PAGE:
You kinda have to wonder how Jayanthi Kyle finds the time. “I have a two year old, I have a five year old, I have a six year old,” she said. “I’m in over eight bands. I’m in multiple projects. I can barely tell you what bands I’m in.”
Kyle has been singing since she was little, belting gospel songs while cleaning her mom’s home in south Chicago, or harmonizing hymns at her father’s church in Maple Grove. But if you live in the Twin Cities, you’re probably more likely to hear Kyle’s voice at a protest rather than a church or music venue.
“I hoped it would be something that people could keep continuing to use,” Kyle said. “I’m glad that the song is getting out there.”
“Hand in Hand” was a collaborative effort between Kyle and Wes Burdine, the guitarist in her indie-R&B group, Gospel Machine. The two wrote the song last December for the Million Artist Movement, a collective of local artists fighting for black equality and racial justice.
Kyle first performed the piece at the Million March MN rally as part of a national commemoration of black Americans killed at the hands of police. Recently, she sang the number at Heart of the Beast’s annual MayDay performance to a crowd of over a thousand — many onlookers singing along from memory.
The song was inspired by high-profile killings like Michael Brown and Eric Garner, Kyle said, which comes through with lines like “My sister ain’t equal and my brother can’t breathe.”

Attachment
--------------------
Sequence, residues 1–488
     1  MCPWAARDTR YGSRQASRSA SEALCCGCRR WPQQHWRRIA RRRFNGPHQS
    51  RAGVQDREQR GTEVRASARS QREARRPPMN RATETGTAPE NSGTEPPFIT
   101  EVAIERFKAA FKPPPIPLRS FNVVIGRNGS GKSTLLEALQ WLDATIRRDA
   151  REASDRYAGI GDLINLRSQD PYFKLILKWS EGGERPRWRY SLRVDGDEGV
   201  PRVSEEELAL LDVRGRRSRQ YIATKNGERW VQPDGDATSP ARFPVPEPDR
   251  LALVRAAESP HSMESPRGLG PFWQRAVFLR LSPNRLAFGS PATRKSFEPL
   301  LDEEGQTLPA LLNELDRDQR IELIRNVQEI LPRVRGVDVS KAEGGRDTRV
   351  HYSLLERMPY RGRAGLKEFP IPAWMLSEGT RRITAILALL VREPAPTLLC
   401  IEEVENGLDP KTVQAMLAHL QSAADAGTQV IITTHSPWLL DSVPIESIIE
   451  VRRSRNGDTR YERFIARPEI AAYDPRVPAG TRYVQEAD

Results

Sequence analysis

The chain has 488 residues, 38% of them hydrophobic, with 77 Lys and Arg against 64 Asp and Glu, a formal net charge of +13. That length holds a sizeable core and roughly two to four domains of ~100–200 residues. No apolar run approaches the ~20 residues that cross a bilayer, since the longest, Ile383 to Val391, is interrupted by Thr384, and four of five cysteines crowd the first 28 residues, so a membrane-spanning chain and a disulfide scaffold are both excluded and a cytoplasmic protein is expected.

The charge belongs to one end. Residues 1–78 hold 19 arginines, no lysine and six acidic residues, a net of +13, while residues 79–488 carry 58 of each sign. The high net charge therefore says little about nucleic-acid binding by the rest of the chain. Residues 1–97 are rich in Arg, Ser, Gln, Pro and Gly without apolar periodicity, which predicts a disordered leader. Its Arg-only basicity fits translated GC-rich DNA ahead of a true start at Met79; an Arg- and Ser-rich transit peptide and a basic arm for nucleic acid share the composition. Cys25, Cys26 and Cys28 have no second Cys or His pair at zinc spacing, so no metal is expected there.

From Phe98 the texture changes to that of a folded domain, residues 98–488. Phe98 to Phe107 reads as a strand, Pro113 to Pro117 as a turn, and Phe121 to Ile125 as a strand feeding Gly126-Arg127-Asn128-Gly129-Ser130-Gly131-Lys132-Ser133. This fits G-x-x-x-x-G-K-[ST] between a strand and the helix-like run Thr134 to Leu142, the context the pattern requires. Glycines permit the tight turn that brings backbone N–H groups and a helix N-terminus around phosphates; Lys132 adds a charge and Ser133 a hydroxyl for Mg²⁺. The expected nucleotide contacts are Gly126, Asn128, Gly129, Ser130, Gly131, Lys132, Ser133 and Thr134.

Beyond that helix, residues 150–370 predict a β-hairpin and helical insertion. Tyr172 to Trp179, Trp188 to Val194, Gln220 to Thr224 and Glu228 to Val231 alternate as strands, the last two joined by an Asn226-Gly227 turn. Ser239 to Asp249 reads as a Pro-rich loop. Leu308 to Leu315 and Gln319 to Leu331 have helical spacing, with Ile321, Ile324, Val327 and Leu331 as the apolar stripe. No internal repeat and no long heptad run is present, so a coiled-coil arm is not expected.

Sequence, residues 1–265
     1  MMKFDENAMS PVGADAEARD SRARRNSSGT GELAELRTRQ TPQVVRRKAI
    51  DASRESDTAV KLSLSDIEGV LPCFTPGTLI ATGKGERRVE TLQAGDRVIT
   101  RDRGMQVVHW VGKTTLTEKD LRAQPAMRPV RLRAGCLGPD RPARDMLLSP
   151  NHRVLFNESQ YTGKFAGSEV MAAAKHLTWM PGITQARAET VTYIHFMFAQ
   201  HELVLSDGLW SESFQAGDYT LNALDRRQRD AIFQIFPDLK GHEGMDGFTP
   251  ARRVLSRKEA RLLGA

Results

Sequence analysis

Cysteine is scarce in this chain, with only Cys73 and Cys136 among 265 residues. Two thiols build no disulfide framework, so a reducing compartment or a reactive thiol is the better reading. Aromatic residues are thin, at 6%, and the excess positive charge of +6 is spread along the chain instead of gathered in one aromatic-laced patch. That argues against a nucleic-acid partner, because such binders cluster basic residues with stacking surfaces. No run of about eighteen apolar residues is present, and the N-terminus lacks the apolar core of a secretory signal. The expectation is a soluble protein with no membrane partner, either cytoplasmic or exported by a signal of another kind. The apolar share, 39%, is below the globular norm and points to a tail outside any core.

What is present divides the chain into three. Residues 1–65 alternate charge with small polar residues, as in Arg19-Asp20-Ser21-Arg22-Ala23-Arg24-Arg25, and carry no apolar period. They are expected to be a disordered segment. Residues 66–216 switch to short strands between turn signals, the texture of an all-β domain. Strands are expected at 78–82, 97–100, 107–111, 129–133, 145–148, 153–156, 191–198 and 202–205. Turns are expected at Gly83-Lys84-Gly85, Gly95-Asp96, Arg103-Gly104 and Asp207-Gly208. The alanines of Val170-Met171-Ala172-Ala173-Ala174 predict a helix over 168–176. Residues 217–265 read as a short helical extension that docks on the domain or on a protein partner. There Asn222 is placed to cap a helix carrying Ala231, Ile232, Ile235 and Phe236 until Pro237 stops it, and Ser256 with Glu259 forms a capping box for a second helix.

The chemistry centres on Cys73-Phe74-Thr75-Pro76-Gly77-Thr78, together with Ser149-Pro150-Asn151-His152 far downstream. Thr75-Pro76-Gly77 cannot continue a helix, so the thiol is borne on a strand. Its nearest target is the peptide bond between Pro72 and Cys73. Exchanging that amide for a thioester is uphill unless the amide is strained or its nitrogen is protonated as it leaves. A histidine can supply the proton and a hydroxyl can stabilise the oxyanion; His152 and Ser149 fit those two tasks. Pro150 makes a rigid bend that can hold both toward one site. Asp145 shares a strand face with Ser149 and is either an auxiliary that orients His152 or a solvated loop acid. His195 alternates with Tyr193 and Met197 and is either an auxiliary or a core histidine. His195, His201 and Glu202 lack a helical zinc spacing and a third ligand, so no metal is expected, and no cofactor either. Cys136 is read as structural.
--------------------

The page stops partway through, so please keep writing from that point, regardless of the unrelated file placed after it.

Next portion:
But ultimately, the song is about connectivity, Kyle said. “I only want to sing positive songs. I want to sing something that makes me feel good when I walk away. I want people to be connecting.”
Kyle said that positivity is at the crux of all of her songs, despite them often covering topics of struggle.
BLM Minneapolis co-founder Mica Grimm said Kyle’s song gives their demonstrations an element of healing, and helps people feel they’re participating in something bigger than themselves. “It’s in the spirit of songs from the civil rights movement,” she said. “It really evokes old spirituals that slaves used to sing on plantations.”
The song also resonates with people involved with BLM, Grimm said, because it reminds people that the goal is to reach a point where protesting isn’t necessary. “We would much rather be living our lives and not having to stop what we’re doing in order to call out injustice,” she said. “One day we’re not going to need to do this anymore because one day we’ll be okay.”
BLM Minneapolis approached Kyle to sing her song for their events after seeing her perform at the Million March MN rally, she said.
Wes Burdine said he hopes their song can cut through building racial tensions in Minnesota and nationwide by drawing inspiration from old slave work songs and by humanizing the pain and frustration those tensions can cause. “It’s really healing during a period when things feel dangerous and things feel tense all the time,” he said. “Her music is really reaching out to people and getting them to connect with one another.”
Kyle’s father is Indian and her mother black and Native American, she said, so bridging cultural divides has always been a part of her life. But it’s important that people have hope in their struggles, she said, rather than giving in to despair. “We need people to be working on it,” she said. “It’s better to hope … than complain. So, I’d rather come out there and give everybody that hope.”